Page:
The UN atomic agency was to resume talks in Tehran yesterday to tackle allegations of past Iranian weapons work and discuss more practical steps to increase the transparency of the country’s nuclear drive.
The one-day encounter between Iran and the Vienna-based International Atomic Energy Agency (IAEA) will build on a framework deal agreed in November last year that required Tehran to take six practical steps by Tuesday.
With completion of those measures — including a visit to the heavy water plant at the unfinished Arak reactor — negotiations on “more difficult things” are expected to begin, IAEA director-general Yukiya Amano has said.
Iranian Atomic Energy Organization spokesman Behrouz Kamalvandi has said that, based on the IAEA’s assessment of progress, the scope of future cooperation will be decided.
He expressed hope that “the agency’s doubts have been removed.”
Led by chief inspector Tero Varjoranta, the IAEA team is to meet Iranian nuclear officials, led by Iran’s IAEA envoy, Reza Najafi.
Kamalvandi said the talks could be extended if there is major progress.
The six-step deal was struck in November last year after two years and nearly a dozen rounds of talks. It is separate to the landmark nuclear agreement also reached in November with world powers that put temporary curbs on nuclear activities.
Implementation began on Dec. 8 last year, when IAEA inspectors visited Arak, whose small, unfinished heavy water reactor has been hit by a series of delays.
The site, which Iran insists is an integral part of its nuclear program, is of international concern because Tehran could theoretically extract weapons-grade plutonium from its spent fuel if it also builds a reprocessing facility.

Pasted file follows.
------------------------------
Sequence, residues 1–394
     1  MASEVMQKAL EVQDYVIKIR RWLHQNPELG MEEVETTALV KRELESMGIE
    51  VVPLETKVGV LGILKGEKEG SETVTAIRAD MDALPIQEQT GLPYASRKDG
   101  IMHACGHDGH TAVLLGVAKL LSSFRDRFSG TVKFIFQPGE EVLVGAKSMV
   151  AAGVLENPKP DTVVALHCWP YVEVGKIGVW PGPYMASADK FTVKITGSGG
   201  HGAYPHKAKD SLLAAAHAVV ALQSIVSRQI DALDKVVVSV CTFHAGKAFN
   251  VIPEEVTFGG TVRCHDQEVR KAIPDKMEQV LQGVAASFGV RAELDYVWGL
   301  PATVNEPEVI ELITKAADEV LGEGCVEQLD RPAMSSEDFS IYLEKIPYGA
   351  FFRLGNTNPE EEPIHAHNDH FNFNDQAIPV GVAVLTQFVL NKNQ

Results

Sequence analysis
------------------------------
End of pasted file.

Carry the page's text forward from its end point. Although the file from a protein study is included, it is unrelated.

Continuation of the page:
However, Atomic Energy Organization of Iran head Ali Akbar Salehi said earlier this week the reactor could be modified to produce less plutonium to “allay the worries.”
And he insisted that Iran did not intend to build a reprocessing plant.
Iran’s nuclear activities have been in the international spotlight for the past decade over suspicions in the West and Israel that they mask military objectives, despite repeated Iranian denials.
The IAEA is focusing on Tehran’s past work to clear long-standing allegations that, prior to 2003, and possibly since, Iran’s nuclear drive had “possible military dimensions.”
Rejecting those allegations as baseless, Iran denies that it is seeking now or has ever sought nuclear weapons.
Amano said in an interview last month that it was now the time to ask the “more difficult” questions and push Iran on those issues.
“We started with measures that are practical and easy to implement, and then we move on to more difficult things,” Amano said. “We certainly wish to include issues with ‘possible military dimensions’ in future steps.”
How long this takes “very much depends on Iran. It can be quick or it can be long. It really depends on their cooperation.”
The IAEA has been asking Iran in vain for years to grant inspectors access to the Parchin military facility, where it suspects Tehran may have experimented with atomic weapons development.